I think you’re calling the “shark jumping” too early. Honda still made good cars well into the early 2000s (2002 Civic Si, 2004 Euro Accord (Acura TSX), 2000 Honda S2000).

      Was the ’92 Prelude not seen as a good car in the US? In Europe, it’s probably viewed as the best looking and best performing Prelude.

    • 0 avatar

      Car companies are not in the Entertainment business.

  • avatar
    slow kills

    The power rear window idea needs revisiting.

  • avatar

    Awhile back, Crab and I travelled to a local junkyard for some parts hunting. While their we stumbled upon an incredible example of the little Del Sol’s safety.

    What we saw was a del sol with horrendous damage from a rear end collision. The tail-lights were pushed to the C-pillars! Awestruck, we found the targa roof to be intact with minimal damage, and the passenger compartment appeared to have only shrunk a few inches overall.

    • 0 avatar
      30-mile fetch

      I’d like to know how heavy the vehicle which caused the damage was going, and its velocity. Wouldn’t be so impressive if it were a Corolla traveling 20 mph :)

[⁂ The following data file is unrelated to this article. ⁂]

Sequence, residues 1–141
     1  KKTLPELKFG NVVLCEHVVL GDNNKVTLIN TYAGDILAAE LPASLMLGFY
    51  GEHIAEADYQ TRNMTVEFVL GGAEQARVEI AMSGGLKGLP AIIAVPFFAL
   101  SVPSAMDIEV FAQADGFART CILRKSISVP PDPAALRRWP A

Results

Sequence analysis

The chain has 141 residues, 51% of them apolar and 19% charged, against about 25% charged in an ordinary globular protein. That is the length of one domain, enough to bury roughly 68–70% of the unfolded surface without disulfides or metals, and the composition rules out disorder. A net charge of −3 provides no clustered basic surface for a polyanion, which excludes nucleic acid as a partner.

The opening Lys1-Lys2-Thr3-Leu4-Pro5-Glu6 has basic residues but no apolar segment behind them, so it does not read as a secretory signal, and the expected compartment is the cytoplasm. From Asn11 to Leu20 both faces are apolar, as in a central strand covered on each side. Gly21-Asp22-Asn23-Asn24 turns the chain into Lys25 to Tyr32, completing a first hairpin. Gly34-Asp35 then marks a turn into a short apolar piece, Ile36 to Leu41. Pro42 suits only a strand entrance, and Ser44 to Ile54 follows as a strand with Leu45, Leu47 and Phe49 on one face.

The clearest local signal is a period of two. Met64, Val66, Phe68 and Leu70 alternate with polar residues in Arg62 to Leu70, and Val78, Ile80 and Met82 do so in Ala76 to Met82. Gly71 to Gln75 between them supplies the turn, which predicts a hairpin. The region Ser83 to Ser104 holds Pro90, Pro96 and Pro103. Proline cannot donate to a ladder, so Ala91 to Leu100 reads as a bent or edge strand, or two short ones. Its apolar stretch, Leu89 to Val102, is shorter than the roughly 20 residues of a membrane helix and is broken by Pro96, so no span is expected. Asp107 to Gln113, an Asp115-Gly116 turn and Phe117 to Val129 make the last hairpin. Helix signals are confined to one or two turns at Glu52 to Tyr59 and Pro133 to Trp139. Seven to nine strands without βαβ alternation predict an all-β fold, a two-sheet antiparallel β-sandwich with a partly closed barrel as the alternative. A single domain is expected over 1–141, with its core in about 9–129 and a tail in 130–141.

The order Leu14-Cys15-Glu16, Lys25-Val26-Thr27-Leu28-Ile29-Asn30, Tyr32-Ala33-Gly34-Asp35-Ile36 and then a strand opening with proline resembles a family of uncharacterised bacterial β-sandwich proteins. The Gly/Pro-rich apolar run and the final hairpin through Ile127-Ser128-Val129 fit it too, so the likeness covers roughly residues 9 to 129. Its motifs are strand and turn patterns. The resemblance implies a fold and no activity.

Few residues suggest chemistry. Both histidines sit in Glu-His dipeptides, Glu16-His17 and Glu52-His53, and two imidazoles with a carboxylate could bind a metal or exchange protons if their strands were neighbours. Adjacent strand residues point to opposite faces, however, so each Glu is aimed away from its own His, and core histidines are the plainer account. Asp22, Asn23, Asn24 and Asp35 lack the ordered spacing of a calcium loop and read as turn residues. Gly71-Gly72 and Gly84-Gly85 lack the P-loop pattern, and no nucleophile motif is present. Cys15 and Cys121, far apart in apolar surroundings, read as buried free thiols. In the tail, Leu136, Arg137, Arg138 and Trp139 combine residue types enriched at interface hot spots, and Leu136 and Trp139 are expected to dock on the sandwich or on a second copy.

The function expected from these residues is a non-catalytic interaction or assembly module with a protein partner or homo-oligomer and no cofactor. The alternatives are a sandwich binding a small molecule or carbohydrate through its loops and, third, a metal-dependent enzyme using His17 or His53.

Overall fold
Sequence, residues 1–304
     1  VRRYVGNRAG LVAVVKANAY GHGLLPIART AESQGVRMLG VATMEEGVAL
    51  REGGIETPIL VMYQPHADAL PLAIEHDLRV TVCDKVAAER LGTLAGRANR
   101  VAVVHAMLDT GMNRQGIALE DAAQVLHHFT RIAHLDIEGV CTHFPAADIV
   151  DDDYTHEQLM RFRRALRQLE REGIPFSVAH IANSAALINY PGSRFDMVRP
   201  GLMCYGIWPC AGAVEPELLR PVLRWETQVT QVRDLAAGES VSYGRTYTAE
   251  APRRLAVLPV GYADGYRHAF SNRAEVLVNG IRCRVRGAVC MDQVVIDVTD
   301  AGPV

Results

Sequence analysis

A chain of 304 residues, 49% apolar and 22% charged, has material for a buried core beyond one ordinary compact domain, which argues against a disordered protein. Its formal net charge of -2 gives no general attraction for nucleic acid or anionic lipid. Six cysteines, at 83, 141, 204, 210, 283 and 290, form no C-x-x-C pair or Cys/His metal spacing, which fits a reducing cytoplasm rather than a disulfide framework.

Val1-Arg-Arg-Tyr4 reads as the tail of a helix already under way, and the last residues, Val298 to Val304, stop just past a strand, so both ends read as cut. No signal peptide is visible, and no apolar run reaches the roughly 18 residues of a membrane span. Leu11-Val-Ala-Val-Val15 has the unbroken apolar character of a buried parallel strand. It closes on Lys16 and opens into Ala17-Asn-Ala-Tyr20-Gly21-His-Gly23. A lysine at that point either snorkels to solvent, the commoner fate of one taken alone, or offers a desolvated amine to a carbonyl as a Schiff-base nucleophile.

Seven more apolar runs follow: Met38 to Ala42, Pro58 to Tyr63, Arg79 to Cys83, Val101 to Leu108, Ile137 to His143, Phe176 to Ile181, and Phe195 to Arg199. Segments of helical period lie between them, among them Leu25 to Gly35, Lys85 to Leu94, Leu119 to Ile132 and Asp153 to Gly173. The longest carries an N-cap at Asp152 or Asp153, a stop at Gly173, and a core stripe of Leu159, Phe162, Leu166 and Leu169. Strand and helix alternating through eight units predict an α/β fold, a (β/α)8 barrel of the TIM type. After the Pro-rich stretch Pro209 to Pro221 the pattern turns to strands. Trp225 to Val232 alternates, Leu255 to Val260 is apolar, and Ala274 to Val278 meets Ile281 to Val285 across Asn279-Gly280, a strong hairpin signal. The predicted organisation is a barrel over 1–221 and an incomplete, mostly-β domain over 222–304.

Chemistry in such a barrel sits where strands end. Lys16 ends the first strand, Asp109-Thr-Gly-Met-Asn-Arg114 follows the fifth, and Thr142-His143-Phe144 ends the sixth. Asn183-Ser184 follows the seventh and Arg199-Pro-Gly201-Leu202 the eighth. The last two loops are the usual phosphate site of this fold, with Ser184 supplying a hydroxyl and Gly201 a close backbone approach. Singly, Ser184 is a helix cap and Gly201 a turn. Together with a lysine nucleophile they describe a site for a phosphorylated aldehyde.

• avatar

    Nice to know that dirt lot in Richmond is now one big paved patch. I was out there last spring checking out the U.S.S Red Oak, and drove by a huge number of Japanese vehicles still waiting to be loaded into the trains. That’s when I realized how much the new RL had a far-too-BMW rear end.

  • avatar

    I actually owned one of these, a 16V VTEC Si which I bought new after getting an attempted screwing by a Mazda dealer on a Miata R. The Del Sol hung around for a year or so but the bug for a new car sent me to BMW for an M3. After getting the “cold Shoulder from BMW, I wound up trading the Del Sol for a ’92 Mercedes Benz 400SE! Now ain’t that a switch? But the little Honda was decent enough if you kept the revs up and it did have the little VTEC “bump” in the top of the rev range. Sounded good inside the car but really didn’t do too much. Ah, such fond memories. I did finely get a Miata in ’93.

  • avatar

    Matt was real gravitas.